• Welcome to BirdForum, the internet's largest birding community with thousands of members from all over the world. The forums are dedicated to wild birds, birding, binoculars and equipment and all that goes with it.

    Please register for an account to take part in the discussions in the forum, post your pictures in the gallery and more.
ZEISS DTI thermal imaging cameras. For more discoveries at night, and during the day.

Garganey - BirdForum Opus

(Redirected from Spatula querquedula)
Photo © by John George Richardson
Minsmere, Suffolk, March 2013
Spatula querquedula


Garganeys are quite small ducks at 37 - 41cm (14½-16 in).
The male in breeding plumage has a prominent, white supercilium. The body is heavily spotted at front and rear with pale flanks and long striped scapulars. The eclipse male resembles the female.
Females are harder to identify, being greyish overall with broadly pale-edged dark flanks. The broad pale supercilium over a bold dark eye stripe is a good id feature.

The speculum is green with white lines along the front and rear edges. The underwing pattern is prominent black and white.


Breeding species in much of Europe and Asia. The European population is most numerous in the east. Most if not all of the European birds are found in places like the Volga Delta in the fall and they winter in western Africa (e.g., the Niger Delta), with possible occurrence in southern Sudan.

The Asian birds winter in India, Indochina (Burma, Laos, Thailand) and southern China.

Eclipse plumage
Photo © by mali
Cley, Norfolk, June 2015

Vagrants have occured in Azores, Iceland, Hawaii, Aleutian Islands and even at the west coast of North America.
The Garganey is quite nomadic in the winter areas, but even so, changes to the area as result of changes in resource utilization and global warming are expected to be the major cause of concern for the European populations of this species, which has shown moderate to strong negative trends during the period of 1970-2000.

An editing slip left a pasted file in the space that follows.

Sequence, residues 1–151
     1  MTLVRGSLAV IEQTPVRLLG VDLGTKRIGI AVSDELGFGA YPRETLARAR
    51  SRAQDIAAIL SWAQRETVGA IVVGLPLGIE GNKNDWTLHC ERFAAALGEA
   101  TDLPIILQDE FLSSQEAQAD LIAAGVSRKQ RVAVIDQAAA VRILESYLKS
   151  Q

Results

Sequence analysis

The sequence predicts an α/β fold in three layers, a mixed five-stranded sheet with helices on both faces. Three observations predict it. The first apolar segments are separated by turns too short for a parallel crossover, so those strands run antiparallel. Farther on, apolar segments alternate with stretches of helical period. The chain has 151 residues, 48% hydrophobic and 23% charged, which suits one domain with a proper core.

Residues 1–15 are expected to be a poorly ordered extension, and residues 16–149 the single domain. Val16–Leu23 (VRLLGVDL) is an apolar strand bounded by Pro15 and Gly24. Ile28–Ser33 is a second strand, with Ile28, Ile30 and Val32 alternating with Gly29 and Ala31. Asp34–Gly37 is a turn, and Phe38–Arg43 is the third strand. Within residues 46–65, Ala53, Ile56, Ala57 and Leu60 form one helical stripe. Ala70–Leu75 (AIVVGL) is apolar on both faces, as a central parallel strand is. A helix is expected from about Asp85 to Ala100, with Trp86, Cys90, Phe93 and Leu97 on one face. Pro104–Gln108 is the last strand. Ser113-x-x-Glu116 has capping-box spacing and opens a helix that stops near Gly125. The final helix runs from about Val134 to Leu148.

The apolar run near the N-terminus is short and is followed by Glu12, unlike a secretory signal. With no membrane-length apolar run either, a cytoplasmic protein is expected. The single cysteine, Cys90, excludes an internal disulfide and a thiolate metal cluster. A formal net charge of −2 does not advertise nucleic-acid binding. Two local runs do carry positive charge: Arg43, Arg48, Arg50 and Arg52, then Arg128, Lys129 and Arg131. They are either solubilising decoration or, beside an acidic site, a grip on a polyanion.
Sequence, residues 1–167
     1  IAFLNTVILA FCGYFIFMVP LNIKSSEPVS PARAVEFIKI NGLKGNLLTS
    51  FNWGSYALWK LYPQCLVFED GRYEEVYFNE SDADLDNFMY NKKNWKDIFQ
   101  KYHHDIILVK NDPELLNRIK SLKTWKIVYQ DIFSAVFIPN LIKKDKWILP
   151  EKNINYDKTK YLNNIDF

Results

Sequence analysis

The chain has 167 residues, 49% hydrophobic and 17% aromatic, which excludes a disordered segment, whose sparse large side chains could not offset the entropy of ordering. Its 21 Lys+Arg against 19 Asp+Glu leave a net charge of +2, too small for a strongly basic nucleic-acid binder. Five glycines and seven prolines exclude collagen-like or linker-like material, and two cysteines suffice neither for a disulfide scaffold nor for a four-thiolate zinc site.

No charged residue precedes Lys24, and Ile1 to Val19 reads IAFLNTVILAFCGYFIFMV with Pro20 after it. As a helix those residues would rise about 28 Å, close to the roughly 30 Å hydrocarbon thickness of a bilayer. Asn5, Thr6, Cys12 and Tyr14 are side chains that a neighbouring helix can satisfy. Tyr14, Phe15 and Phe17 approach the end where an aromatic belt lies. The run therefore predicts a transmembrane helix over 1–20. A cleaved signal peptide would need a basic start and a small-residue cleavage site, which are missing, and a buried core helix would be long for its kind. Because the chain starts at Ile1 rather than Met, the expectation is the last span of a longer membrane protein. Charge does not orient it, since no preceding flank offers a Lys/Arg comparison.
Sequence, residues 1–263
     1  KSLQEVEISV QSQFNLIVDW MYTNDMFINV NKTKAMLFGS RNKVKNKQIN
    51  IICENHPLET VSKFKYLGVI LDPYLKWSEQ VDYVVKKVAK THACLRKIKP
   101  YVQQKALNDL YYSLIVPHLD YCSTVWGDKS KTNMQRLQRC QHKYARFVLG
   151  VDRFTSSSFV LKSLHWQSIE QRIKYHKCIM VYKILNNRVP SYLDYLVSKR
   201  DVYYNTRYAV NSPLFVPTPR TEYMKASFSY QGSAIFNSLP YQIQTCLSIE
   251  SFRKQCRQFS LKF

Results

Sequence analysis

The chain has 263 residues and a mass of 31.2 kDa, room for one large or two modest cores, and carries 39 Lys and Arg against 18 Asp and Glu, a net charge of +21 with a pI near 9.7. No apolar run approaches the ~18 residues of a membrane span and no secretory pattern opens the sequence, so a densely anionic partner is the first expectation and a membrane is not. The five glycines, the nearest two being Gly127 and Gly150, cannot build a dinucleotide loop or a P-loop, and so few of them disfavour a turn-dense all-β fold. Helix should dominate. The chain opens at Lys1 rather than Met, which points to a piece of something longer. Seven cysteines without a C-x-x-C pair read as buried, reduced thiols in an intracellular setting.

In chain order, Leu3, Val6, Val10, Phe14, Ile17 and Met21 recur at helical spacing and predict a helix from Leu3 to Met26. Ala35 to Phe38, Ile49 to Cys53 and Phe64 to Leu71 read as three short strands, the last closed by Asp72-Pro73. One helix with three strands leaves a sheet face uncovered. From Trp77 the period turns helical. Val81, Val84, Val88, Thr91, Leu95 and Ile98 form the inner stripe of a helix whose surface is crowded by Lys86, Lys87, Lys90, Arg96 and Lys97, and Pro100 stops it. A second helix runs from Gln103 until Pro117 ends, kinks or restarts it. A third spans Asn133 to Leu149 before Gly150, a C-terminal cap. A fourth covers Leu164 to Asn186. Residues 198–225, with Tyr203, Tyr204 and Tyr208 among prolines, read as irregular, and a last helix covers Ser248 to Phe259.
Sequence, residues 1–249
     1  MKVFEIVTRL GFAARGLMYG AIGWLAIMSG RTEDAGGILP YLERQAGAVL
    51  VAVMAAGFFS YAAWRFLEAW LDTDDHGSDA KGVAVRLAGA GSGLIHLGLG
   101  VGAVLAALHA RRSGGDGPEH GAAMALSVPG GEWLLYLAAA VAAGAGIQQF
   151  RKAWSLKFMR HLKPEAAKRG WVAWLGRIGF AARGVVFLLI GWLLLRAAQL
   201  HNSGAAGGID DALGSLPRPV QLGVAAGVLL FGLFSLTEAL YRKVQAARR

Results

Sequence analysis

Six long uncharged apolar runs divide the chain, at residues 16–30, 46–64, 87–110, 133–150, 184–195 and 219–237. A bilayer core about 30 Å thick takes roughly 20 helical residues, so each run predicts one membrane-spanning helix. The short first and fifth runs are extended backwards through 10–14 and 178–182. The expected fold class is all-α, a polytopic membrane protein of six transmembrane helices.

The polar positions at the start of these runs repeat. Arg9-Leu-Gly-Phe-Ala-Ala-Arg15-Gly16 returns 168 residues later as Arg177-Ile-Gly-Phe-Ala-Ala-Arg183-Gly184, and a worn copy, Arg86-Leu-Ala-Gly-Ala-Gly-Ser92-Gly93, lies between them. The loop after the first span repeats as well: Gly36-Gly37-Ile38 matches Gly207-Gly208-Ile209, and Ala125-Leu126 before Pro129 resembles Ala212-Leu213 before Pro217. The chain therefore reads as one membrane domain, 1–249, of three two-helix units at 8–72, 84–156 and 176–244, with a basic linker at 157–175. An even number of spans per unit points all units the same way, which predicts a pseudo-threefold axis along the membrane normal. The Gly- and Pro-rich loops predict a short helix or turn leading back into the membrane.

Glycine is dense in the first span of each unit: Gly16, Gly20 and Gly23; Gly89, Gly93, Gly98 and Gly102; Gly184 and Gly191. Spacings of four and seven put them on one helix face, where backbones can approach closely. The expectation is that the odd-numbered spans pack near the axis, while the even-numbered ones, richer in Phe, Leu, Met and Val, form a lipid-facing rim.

This is a monotypic species[1].
Formerly placed in the genus Anas.


Breeds inland, preferably on wet meadows, shallow freshwater marshes, small lakes and ponds. In winter in coastal marshes and lagoons, sometimes even at sea.


A shy and wary duck which is often found in pairs or small groups in summer, in winter in big concentrations (eg 77,000 in Senegal).


Photo © by targetman
Lincolnshire, May 2012

Starts breeding after arrival in breeding area in April and May. The nest is usually near water on ground, lined with down and feathers. Lays 8-9 eggs.


Feeds on aquatic invertebrates, amphibians, seeds, fish and aquatic plants. Like other Anas Ducks, Garganeys feed dabbling, head-dipping and also picking from surface.



  1. Clements, J. F., T. S. Schulenberg, M. J. Iliff, D. Roberson, T. A. Fredericks, B. L. Sullivan, and C. L. Wood. 2017. The eBird/Clements checklist of birds of the world: v2017, with updates to August 2017. Downloaded from http://www.birds.cornell.edu/clementschecklist/download/

Recommended Citation

External Links

Search the Gallery for Garganey videos:

GSearch checked for 2020 platform.1